The Superb Abbott Elementary Shows Us What It’s Really Like In Today’s School’s
Old Format, Urban twist
There has been a huge amount of derision of Parks and Recreation the past few years as a comedy series for not being the kind of show that works in the current environment. I don’t know how anybody could ever view a series with Chris Pratt and Rob Lowe in minor roles as ‘not working’, but that’s my jam. This year, a new comedy with the same time of format and just like Parks female run has debuted on ABC. It has everything that made Parks and Rec delightful, is far more faithful to the basic idea and is just as hysterical.
Showrunner-lead Quinta Brunson plays Janine Teagues, a grade school teacher at the title school. Janine has the same never-say-die optimism that Leslie Knope had, but considering where she is and why, it is far less warranted. Her school is one of the worst public schools in the country (in one of the most memorable opening gags her history book is three presidents behind so she has taped pictures of them into it) There is no money in the budget for anything, even mats for people to nap on. Janine tells us point blank that of the twenty teachers who started there three years earlier when she did, she’s one of only three who are still working there. We’ve met them both; Jacob, a white teacher so desperate to show his ‘woke’ credentials its sad and Melissa, who isn’t quite from a mob family, but knows people. Both are far more cynical then here. Neither have anything on Barbara (the wonderful Sheryl Lee Ralph) a ‘lifer’ who basically given up on anything any changing. It doesn’t help matters that the school is ‘led’ by principal Ava, a woman who is so utterly incompetent you’d think it had something to do with typical bureaucracy — until she tells she blackmailed one of the superintendents into getting the job. Added to this mix is Gregory, a substitute who actually applied for the principal position and is basically an administrator with no teaching experience.
Abbott Elementary is just as satiric in its jabs as Parks and Rec was but where the latter series was essentially a broader lampoon of the political situation, Abbott gets its humor from being just plausible enough to be funny. It also helps matters immensely that, with few exceptions, the cast is African-American and there’s a certain pain as they go through an absolutely horrendous situation. In the Pilot, Janine pushes as hard as she can to get money from the budgets for mats for her students who she needs to sleep. The money comes to the school, but the principal decides rather then spend it on the students to spend it all on a mural in the front of the school — with her face on it. When Janine tries to complain about it, the principal finds out and interrupting the lunch period so that everybody — meaning her — can publicly shame Janine.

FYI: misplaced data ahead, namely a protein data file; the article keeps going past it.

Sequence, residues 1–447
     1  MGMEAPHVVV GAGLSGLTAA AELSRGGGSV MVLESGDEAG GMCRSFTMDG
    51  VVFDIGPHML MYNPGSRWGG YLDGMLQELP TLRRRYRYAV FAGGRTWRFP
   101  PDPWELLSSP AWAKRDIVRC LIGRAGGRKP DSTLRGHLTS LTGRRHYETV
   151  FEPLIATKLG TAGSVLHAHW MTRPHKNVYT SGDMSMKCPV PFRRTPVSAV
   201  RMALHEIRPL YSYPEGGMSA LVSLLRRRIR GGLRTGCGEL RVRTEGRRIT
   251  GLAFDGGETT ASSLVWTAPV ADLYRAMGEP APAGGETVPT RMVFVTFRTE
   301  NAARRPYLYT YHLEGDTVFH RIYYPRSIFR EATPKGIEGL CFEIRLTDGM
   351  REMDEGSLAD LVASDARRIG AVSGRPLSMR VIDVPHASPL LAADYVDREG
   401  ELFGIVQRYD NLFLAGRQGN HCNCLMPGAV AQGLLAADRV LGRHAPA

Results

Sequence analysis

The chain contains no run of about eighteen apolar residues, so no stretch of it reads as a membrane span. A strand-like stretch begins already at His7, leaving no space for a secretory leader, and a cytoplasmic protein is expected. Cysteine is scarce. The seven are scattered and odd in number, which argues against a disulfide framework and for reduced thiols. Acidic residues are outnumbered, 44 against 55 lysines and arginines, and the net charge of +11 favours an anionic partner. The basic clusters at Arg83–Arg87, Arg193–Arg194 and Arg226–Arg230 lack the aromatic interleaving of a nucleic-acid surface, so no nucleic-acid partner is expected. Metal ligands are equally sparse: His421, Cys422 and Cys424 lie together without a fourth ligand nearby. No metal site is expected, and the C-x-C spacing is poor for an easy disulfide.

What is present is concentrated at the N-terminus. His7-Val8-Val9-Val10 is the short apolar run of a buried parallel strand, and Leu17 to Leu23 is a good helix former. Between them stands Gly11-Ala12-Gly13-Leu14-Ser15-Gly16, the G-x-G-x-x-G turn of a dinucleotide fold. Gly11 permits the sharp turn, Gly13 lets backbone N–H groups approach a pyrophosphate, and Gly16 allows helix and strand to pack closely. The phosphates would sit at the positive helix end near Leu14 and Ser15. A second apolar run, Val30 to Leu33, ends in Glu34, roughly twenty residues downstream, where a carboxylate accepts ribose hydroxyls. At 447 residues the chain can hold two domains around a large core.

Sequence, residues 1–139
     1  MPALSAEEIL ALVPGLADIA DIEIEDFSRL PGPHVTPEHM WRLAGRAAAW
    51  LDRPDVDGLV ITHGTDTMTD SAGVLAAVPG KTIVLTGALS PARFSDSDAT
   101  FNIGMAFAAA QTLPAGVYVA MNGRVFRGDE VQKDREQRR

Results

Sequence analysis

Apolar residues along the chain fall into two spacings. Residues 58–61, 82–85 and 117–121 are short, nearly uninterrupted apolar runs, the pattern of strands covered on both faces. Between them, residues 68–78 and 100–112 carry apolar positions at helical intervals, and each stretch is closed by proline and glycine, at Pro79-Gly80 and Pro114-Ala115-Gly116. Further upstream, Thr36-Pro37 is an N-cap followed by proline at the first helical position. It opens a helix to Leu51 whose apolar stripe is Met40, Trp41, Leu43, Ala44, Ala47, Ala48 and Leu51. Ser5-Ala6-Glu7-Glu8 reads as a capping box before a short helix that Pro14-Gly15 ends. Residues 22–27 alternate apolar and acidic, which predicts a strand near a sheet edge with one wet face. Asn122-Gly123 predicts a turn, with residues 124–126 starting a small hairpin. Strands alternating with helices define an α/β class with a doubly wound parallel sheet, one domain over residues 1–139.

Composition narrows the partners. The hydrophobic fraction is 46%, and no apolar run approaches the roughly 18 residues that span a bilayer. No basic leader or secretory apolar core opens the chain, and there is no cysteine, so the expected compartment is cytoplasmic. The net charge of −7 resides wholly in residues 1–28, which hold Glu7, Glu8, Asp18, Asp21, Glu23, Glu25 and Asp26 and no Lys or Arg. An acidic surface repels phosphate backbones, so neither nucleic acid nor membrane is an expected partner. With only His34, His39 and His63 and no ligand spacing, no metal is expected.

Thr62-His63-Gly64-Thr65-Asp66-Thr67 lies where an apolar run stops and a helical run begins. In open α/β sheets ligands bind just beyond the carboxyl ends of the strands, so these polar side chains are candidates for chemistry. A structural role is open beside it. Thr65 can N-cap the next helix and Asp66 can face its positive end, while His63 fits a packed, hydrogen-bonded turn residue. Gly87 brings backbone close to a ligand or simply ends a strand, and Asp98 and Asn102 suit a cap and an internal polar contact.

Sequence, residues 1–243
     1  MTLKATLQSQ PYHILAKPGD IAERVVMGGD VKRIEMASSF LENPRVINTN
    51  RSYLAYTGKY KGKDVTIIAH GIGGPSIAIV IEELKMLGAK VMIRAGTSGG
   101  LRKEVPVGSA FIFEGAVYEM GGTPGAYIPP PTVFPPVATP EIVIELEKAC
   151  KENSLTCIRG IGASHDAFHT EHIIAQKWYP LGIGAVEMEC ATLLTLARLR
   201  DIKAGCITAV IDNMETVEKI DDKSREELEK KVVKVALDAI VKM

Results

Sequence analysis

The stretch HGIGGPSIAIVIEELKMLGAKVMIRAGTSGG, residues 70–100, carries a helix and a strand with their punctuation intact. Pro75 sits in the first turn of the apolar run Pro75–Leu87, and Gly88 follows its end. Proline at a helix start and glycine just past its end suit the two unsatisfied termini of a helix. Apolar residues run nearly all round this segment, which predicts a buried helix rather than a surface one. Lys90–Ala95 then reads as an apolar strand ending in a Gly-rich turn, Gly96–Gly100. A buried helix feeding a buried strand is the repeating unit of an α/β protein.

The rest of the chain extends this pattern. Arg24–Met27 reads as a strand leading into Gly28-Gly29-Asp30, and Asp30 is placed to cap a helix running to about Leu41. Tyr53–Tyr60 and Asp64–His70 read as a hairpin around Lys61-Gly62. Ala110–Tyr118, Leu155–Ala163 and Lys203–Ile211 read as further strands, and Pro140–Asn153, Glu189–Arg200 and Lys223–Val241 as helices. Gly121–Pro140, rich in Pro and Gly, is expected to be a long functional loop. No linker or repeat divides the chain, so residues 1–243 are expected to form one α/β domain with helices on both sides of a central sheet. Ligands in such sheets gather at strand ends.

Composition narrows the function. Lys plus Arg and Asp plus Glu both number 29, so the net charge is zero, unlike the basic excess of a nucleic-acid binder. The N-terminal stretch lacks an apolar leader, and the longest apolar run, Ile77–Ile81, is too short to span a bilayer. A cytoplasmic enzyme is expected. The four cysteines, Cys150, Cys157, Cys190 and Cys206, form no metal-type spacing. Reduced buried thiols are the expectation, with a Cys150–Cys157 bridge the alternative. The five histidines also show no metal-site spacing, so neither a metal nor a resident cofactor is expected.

Janine’s optimism is also far more muted than Leslie Knope’s ever was. She doesn’t try for sweeping changes — all she wants is to fix the light bulbs in the hall. And she knows how hard the job is. Near the end of the Pilot, Barbara explains every duty a teacher has to and her descriptors are painful in their honest — “You’re their second mother,” then she pauses, “sometimes their first.” So much truth is in that statement and its something Parks would never dream of saying.
If I’ve made this series sound too dismal, it really isn’t. It can also be blissfully funny. There are already some interesting background characters — like the first grade teacher who tells his class about the Illuminati and the custodian who labels his fuse box with Boys II Men song titles. And there’s an earnestness to the comedy too — Gregory ends up trying to convince the mother of one of his students to drop her son off time by going to a nail salon with Barbara which is equal measure awkward comedy and some painful truths (she drops him off late because she has to make her shift at work and he’s worried that her son will fall behind in elementary reading)
The camera set workplace comedy has been a staple since The Office but so many of those series tried to focus on the behavior of the workers rather then the seriousness of their situation. Abbott Elementary doesn’t do that at all and as a result, many of these characters are probably a lot more fully drawn then the ones we’ve seen even on the funniest of comedies. (For one thing, the show makes the wise decision not to be the principal — who is very close in behavior to Michael Scott despite not being the same race or gender — anything but a side character.)I don’t know if this series will have the same lifespan as The Office and Parks and Rec but having watched just the first two episodes, it’s already far better than either series in their first season and in my opinion, deserves to have the same long run.
My score: 4.75 stars.